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What I "Learned" Tonight

Thomas Whitley

Tonight I “learned” two things. One was from a discussion board for my worship class and the other was from my Ethics professor. I say that I “learned” these two things for two reasons. The first is that I was already aware of these views/positions. The second is that I vehemently disagree with both of them and typically when someone truly learns something, they respond by subscribing to it.

Lesson 1
The comment on my Worship class’ discussion board was in the context of responding to reading the first chapter of Robert Webber’s Ancient-Future Worship: Proclaiming and Enacting God’s Narrative. One of my class members responded to another class member with the following comment:

Worship could never be possible without reading Jesus back into the OT narratives and texts. Although not specifically named in many, if not most OT references, Jesus is present from Genesis to Revelation, therefore He was included in OT worship forms.

This is a very common view that I have major problems with. I will not expound on all of them now, but I will mention a few. This view is typically called, in academic circles, supersessionism. Supersessionism is the belief that Christians superseded the Jews as God’s chosen people and as such receive God’s blessing and Jews now receive God’s damnation.

Besides the fact that this view is rather poor theology (it is likely very good christology if by good christology one really means high christology, but it is not good theology), and is not, in my understanding, good and appropriate work with the biblical text, this view is also very demeaning and does great harm and a great disservice to Judaism.

Furthermore, to say that it is impossible to have an Old Testament/Hebrew Bible (henceforth HB) worship without reading Jesus back into the narratives and texts of the HB says that for the thousands of years of recorded human history before Jesus the Nazarene came on to the scene no one really knew God and they were not capable of worshiping God. I, for one, will not say that Israelites and Judeans did not know God or that they were incapable of worshiping God because Jesus was not yet alive. That is quite a ridiculous view.

Moreover, my classmate’s response fails to realize that in actuality Jesus is never explicitly named in the HB. As difficult as it is for many to realize, the prophets that were writing in HB and during that time period had no clue who Jesus was (perhaps “would be” is more appropriate) and they were not predicting the future. Prophecy in the HB, as a trade and class, was about recounting history and speaking about present events and situations in the world view (ethos) of religion. Though the HB prophets are typically read as predicting the future, a solid exegesis that is informed by good historical studies will show that they were not.

That is all that I will say on this topic, for now.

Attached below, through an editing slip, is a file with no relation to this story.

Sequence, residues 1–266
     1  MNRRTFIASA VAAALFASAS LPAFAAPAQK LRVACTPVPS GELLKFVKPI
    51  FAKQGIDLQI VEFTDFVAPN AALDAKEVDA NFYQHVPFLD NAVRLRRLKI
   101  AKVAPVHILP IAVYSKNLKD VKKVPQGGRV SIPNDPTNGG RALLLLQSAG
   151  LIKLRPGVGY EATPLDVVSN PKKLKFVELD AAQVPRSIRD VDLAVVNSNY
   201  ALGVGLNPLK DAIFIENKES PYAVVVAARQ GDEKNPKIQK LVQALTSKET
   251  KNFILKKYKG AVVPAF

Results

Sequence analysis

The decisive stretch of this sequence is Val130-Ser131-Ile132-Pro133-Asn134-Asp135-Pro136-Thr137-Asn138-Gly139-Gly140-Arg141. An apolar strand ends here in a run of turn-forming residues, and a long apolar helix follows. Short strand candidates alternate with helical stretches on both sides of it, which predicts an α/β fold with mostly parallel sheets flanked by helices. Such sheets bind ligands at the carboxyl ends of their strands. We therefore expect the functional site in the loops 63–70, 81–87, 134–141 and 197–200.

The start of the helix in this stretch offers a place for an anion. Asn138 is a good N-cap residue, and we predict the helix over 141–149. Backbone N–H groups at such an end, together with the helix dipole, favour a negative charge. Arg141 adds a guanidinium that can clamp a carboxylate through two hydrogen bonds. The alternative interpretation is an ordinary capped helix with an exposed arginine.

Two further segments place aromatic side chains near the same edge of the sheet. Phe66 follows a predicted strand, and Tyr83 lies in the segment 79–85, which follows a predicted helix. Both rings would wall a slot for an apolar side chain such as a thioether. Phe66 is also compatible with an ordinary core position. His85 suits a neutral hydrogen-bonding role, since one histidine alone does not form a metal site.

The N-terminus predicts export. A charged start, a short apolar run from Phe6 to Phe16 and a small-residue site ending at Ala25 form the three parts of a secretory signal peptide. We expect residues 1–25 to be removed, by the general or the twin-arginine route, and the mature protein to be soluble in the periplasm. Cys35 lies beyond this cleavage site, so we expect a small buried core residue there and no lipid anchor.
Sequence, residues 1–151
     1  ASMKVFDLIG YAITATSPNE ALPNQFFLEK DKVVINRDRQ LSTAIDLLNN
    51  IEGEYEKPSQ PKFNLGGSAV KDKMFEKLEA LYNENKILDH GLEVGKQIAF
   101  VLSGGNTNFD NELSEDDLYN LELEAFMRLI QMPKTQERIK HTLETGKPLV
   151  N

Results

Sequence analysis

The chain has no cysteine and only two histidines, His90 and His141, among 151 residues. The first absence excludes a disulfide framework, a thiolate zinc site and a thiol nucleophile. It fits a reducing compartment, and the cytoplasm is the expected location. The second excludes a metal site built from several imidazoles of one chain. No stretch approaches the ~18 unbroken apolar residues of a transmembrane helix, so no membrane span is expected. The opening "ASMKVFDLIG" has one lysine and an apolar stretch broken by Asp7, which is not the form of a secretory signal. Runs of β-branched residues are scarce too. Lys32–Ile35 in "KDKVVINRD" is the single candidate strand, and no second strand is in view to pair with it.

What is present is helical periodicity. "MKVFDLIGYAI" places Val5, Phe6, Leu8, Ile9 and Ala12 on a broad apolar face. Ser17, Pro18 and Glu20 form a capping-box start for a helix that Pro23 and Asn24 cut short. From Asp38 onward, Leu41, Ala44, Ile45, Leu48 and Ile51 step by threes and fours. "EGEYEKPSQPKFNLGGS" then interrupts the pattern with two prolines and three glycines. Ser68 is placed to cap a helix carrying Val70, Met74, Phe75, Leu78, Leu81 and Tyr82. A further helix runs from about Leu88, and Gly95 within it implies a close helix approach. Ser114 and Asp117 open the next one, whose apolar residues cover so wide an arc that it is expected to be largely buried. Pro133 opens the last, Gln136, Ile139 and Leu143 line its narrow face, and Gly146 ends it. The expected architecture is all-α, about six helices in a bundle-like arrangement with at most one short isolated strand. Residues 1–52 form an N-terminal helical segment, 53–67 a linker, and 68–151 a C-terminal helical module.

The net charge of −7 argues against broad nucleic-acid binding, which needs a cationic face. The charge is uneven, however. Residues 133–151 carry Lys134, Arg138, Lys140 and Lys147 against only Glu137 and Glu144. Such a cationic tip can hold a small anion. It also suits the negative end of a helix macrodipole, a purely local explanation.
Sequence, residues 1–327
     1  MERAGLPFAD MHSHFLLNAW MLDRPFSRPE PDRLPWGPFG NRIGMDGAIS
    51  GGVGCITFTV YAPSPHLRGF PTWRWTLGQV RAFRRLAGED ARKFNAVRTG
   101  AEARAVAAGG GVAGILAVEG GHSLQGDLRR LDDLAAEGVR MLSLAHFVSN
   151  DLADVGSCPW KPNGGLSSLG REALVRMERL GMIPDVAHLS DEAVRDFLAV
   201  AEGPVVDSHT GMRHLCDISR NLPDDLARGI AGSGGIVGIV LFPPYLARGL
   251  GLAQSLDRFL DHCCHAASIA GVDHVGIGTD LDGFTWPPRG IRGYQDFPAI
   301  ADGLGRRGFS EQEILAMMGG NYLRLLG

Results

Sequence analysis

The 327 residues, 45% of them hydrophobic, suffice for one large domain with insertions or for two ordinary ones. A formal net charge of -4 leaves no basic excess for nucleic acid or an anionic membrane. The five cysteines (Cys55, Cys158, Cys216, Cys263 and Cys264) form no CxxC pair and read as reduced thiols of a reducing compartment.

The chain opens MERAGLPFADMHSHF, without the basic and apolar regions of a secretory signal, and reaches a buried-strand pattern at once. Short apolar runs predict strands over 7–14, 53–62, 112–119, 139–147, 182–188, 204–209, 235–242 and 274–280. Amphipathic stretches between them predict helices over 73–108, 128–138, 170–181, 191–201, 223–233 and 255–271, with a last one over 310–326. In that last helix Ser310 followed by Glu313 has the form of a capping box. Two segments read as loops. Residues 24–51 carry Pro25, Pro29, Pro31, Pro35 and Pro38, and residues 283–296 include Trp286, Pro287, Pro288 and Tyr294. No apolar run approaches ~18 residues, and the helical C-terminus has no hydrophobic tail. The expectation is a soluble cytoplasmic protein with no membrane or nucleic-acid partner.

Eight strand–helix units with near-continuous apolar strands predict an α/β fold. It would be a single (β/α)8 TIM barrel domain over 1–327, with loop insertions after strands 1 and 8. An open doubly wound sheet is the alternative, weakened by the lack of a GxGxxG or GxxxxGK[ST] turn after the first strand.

Lesson 2
The second thing that I “learned” tonight was espoused by my Ethics professor. He said that you cannot read the New Testament (henceforth NT) and not be Trinitarian. Trinitarianism is the belief that God is only one being, yet three persons, manifested as God the Father, God the Son and God the Holy Spirit.

Many of you may well hold this belief and that is perfectly fine, but my question to you is this, how many of the NT authors were Trinitarian? Answer: none. Does the Bible speak of the Trinity? Answer: no.

The doctrine of the Trinity has as its origin the Council of Nicea in 325, when the debate came to a head about whether Jesus and God the Father were “of the same substance” or not. Before then many people believed that Jesus was fully divine, just as many others believed that Jesus was fully human. Proclaiming that Jesus was fully human and fully divine and “of the same substance” as God was not a prerequisite up to that point of being a Christian.

Trinitarianism is an acceptable view to hold, but it is not biblical. I am perfectly fine with people holding to beliefs and convictions that are not biblical, so long as they recognize it as such and do not attempt to beat down those who do not hold to those same views and treat them (or tell them) that they are not Christian because of it. Many of you reading this post probably already have doubts about my Christianity. Regarding that, I really do not care. I do not say that to be callous, but my relationship with God is just that, my relationship with God. It is not yours and it certainly is not yours to make judgments about. But, if you do insist on making judgments, which we all do from time to time, please make sure that your judgments and arguments are sound.

I am not a Trinitarian for two main reasons. The first is not so much that it is not biblical, which has been established, but that there is no evidence that Jesus himself or his earliest followers believed anything of the sort. It is simply a doctrine of the church, not a core, foundational belief. The second reason is that I am a monotheist (I believe there is only one God) and I have the same questions/problems that Jews and Muslims have of most Christians. How can I call myself a monotheist and yet say that there is God the Father, God the Son and God the Holy Spirit. My faith, for me personally, must follow logic as far as possible and in this case my ethos simply will not allow me to subscribe to both views, monotheism and Trinitarianism. They are mutually exclusive.

What do you think?